Arjuna Madanayake

Associate Professor, ECE Department at FIU

Lecture Information:
  • October 6, 2023
  • 2:00 PM
  • CASE 241

Speaker Bio

Arjuna Madanayake is an Associate Professor at the Dept. Electrical and Computer Engineering at FIU. He is the leader at the RF, Analog and Digital (RAND) Laboratory where he advises 8 Ph.D. students on multiple topics on wireless communications, analog and digital circuit design, FPGA systems, RF and microwave systems, AI/ML accelerators on hardware, mm-wave and 6G software defined radios, radar sensing, sub-THzradios, computer architecture and VLSI systems. Dr. Madanayake has been recently supported by more than 10 awards from NSF, and more than 12 additional awards from DARPA, ONR, CIA, NIH, NASA, Lockheed Martin, and others. He has graduated 8 Ph.Ds and more than 20 MS students in his career. He is interested in cybersecurity at the hardware level, computer architecture and processor design for AI/ML, and cryptographic/number theory based digital VLSI architectures. Dr. Madanayake served FIU has the Graduate Program Director in charge of the PhD program for Dept. of ECE for 1.5 years. He is a member of IEEE, and founding member of the Circuits and Systems Education and Outreach (CASEO) technical committee. For fun, Arjuna spends his spare time (a theoretical quantity) on music and HiFi systems. He has a deep love for vintage HiFi equipment.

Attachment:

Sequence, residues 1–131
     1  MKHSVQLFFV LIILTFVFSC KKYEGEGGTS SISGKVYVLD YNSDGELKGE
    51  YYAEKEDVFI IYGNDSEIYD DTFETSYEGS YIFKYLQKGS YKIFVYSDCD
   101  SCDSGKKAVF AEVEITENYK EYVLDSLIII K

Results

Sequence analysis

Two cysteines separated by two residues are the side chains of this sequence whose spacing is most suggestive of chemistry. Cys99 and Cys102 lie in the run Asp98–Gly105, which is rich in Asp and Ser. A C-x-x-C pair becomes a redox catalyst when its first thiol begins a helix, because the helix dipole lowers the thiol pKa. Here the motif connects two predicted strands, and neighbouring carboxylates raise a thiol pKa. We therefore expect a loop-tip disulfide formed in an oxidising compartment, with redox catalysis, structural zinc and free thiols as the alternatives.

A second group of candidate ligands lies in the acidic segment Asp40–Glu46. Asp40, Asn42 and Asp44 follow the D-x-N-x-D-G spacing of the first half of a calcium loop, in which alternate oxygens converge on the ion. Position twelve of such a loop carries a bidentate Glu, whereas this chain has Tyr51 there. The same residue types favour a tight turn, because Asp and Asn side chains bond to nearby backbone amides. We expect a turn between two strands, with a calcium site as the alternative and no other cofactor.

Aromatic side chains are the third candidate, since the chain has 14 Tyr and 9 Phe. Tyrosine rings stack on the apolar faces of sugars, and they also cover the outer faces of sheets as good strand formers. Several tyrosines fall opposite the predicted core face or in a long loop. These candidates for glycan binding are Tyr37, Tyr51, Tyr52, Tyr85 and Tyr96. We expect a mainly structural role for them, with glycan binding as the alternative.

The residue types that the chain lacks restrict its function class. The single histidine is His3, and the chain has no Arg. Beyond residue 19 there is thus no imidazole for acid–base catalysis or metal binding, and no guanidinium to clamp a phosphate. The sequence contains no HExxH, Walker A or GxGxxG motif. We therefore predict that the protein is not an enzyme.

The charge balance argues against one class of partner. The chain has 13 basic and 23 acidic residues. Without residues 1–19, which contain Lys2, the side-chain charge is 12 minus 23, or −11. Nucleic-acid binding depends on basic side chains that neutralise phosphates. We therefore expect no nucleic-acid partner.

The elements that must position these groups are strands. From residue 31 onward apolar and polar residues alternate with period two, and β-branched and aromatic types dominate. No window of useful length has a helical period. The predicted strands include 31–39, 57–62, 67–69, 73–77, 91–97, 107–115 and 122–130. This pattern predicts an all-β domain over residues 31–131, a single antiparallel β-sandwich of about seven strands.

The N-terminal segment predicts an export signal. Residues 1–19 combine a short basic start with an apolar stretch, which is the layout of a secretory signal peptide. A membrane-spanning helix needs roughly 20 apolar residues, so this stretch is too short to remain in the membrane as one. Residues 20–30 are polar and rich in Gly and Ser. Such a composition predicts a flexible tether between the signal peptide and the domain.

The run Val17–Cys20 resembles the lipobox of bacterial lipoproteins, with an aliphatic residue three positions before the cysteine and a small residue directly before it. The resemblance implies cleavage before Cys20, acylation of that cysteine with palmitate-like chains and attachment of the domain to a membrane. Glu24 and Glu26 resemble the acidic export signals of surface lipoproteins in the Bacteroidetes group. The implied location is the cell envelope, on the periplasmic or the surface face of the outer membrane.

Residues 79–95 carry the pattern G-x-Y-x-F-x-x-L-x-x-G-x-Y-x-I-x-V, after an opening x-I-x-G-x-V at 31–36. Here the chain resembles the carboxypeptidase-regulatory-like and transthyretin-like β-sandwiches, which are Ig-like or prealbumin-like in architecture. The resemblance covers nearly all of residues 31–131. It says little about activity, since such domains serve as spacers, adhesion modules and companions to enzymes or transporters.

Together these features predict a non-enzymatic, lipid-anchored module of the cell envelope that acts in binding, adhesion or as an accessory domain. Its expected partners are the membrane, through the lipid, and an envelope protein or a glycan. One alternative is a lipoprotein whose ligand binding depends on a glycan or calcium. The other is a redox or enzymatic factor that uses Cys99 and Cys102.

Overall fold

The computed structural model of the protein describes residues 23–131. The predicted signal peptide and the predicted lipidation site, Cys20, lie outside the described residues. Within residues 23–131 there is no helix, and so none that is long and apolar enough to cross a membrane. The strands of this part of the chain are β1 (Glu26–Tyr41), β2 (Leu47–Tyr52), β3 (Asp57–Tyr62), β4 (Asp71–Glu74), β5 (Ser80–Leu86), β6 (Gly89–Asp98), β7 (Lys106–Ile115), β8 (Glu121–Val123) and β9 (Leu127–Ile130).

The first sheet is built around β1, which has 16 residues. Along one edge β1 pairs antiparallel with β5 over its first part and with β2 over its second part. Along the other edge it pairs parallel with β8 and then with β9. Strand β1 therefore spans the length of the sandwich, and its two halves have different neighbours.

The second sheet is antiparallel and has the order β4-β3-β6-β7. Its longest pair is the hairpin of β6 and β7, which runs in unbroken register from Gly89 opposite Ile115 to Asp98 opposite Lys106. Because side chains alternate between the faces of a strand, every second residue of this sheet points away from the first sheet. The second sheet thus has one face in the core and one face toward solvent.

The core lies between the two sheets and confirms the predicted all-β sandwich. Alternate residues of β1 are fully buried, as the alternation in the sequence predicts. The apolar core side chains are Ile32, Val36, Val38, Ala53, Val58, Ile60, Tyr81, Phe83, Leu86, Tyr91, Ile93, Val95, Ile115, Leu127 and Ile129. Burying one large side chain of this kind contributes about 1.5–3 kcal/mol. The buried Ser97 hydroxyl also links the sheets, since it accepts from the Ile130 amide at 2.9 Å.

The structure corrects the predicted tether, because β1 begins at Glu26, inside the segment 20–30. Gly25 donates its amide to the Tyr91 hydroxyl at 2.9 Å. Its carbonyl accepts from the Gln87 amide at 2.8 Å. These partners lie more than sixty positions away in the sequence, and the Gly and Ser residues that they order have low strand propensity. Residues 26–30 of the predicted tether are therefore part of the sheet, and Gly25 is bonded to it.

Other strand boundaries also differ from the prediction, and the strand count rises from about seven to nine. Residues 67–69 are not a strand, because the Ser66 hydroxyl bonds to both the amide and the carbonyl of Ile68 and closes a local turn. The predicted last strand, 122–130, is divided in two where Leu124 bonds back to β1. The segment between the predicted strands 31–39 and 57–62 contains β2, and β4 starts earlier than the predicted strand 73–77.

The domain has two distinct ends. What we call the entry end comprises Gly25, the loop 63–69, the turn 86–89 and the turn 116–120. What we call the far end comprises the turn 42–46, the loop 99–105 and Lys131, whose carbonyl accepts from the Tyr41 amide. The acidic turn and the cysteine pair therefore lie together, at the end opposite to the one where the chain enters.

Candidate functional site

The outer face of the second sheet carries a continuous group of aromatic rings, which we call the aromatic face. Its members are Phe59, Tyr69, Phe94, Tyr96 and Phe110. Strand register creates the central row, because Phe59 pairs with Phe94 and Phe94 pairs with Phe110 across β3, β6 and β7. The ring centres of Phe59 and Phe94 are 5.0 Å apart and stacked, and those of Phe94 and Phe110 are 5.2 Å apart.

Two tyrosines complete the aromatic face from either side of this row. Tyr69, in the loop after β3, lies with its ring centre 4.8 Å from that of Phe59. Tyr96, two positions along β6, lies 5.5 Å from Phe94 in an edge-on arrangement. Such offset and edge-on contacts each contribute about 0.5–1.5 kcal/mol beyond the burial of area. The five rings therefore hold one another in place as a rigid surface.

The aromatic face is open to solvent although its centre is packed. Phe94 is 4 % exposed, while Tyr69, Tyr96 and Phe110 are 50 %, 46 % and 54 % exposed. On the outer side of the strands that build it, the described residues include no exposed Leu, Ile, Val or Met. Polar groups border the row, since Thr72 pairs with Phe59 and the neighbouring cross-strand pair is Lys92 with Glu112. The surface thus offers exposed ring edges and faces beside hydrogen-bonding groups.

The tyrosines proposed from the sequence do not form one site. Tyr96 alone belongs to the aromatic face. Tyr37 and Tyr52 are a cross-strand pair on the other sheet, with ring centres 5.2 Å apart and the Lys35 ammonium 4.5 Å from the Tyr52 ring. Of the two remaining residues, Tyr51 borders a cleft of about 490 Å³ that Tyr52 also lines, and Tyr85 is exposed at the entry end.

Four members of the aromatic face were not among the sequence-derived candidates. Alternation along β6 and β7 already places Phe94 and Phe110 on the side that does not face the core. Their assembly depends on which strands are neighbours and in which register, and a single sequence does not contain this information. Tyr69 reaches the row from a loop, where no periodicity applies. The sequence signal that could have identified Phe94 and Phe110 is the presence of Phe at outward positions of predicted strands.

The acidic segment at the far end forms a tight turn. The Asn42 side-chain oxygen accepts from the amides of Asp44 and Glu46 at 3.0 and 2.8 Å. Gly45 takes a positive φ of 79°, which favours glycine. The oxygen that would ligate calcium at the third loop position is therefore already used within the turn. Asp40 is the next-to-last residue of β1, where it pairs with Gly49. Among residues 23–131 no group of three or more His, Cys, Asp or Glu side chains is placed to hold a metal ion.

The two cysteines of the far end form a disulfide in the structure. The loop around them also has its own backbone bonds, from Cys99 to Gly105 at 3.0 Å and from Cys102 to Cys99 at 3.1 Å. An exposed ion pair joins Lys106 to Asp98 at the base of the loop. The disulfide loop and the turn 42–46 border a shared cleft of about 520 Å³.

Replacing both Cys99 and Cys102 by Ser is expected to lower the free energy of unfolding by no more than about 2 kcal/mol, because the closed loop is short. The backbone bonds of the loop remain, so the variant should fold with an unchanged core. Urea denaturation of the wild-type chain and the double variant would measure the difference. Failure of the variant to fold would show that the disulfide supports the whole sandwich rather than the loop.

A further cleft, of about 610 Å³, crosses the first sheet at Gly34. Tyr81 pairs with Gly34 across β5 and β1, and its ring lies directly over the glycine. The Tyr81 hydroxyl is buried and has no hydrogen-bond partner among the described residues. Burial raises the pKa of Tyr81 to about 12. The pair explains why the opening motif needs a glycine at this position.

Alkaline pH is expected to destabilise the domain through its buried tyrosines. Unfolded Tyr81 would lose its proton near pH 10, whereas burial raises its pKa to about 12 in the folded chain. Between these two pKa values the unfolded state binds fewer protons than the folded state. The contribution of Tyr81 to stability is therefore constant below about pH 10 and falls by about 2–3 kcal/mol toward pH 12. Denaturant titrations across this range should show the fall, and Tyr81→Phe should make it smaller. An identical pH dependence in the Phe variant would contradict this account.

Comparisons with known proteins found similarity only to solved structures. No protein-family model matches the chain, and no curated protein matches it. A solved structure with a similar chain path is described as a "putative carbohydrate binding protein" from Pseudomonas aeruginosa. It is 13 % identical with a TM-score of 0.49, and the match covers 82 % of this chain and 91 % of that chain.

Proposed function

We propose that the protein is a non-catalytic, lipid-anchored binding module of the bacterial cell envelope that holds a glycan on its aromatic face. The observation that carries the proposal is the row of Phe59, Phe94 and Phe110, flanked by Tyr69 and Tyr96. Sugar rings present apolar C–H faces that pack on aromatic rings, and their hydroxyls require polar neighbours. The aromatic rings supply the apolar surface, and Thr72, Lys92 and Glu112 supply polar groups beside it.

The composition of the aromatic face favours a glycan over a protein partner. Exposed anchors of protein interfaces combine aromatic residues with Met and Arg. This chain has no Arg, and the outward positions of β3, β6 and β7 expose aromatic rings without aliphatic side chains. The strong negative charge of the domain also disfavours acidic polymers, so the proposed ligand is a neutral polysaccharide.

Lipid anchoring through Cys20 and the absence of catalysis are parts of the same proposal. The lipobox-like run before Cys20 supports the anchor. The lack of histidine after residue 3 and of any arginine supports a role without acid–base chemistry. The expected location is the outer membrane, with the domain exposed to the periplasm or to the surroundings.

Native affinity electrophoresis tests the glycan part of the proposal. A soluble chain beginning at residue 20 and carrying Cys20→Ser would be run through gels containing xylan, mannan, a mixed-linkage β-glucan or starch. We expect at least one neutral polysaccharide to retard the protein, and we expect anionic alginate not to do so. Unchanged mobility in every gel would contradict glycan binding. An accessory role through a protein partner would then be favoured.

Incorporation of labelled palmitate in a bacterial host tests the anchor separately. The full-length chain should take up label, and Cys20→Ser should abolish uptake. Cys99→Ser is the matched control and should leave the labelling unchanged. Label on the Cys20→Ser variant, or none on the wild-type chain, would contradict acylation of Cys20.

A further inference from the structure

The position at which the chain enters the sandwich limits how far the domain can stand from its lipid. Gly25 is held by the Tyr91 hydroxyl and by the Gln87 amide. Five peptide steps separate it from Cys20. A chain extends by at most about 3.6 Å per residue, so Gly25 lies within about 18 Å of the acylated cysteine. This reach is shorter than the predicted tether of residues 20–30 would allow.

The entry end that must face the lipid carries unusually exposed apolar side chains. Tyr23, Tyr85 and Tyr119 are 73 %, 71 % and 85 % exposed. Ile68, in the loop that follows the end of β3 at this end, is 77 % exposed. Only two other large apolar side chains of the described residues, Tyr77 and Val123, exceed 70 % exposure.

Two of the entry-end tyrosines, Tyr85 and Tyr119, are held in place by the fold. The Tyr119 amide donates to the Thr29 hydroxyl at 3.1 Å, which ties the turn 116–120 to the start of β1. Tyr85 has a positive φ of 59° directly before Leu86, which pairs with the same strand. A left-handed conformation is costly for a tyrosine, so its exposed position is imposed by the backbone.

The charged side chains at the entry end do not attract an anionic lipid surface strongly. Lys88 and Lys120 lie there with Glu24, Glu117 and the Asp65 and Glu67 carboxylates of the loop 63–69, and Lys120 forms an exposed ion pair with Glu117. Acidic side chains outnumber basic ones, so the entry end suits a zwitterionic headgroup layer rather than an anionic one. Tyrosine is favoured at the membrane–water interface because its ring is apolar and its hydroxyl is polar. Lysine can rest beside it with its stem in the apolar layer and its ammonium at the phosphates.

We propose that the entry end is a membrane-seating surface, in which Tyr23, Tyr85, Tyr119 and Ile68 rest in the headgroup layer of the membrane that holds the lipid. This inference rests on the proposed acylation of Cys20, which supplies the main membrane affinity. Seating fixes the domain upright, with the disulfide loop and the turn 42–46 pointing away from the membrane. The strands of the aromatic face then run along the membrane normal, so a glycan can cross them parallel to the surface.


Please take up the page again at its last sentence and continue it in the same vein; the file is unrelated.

Analog computers have been winning wars for America well before the dawn of ENIAC, transistors or discovery of Moore’s Law. In fact, WW2 warships made extensive use of analog computers for targeting of its long range weapons. However, since the invention of digital logic, Von Neumann architecture, software, digital integrated circuits, and the exponential scaling of computation described by Moore’s Law, the world of analog computing has been all but forgotten. Nonetheless, the arcane world of analog computing has recently experienced a comeback. Believe it or not, analog computers are far from dead. In fact, they are thriving in niche areas of computation. Quantum computers are one type of analog computer making use of quantum physics principles. Another type of analog computer can be found in the world of machine learning (ML). Deep learning has driven digital computation to its limits. In fact, the development of larger and larger ML models are severely stunted by compute requirements, which for modern systems can require hundreds of megawatt hours of compute power. Analog computers are being pursued by companies, such as, IBM, Mythic, and Aspinity, towards achieving better energy efficiency for training large scale ML models. Advanced scientific computing (think fusion modeling, nuclear modeling, magnetohydrodynamics), much like AI and ML, requires extensive compute. This talk covers our recent DARPA STTR Phase-1 and -2 work on design of efficient and fast radio-frequency analog computers as custom CMOS integrated circuits. Our analog systolic arrays are for solving specialized problems in physics based simulation requiring spatio-temporal solution of linear and nonlinear partial differential equations. We address design, implementation, and test of analog computers using 180nm CMOS technology for applications in solving linear Maxwell’s Equations, nonlinear acoustics, and analog FFT. This talk covers a detailed view of analog computers for solving electromagnetic problems, including algorithm design, circuit mapping, IC design, fabrication, test and measurement and comparison with digital technologies such as NVIDIA GPUs and Xilinx FPGAs. Our example analog computer was measured to be 420x faster than GPUs, while consuming 200mW of power whereas the GPU consumed more than 100W for the same realization. The analog computer chip was measured to be 28x more efficient than FPGA based implementation of systolic-array based optimized realizations of the algorithm. We conclude that fast analog computing is viable for niche computing applications that are compute intensive for deep math operations.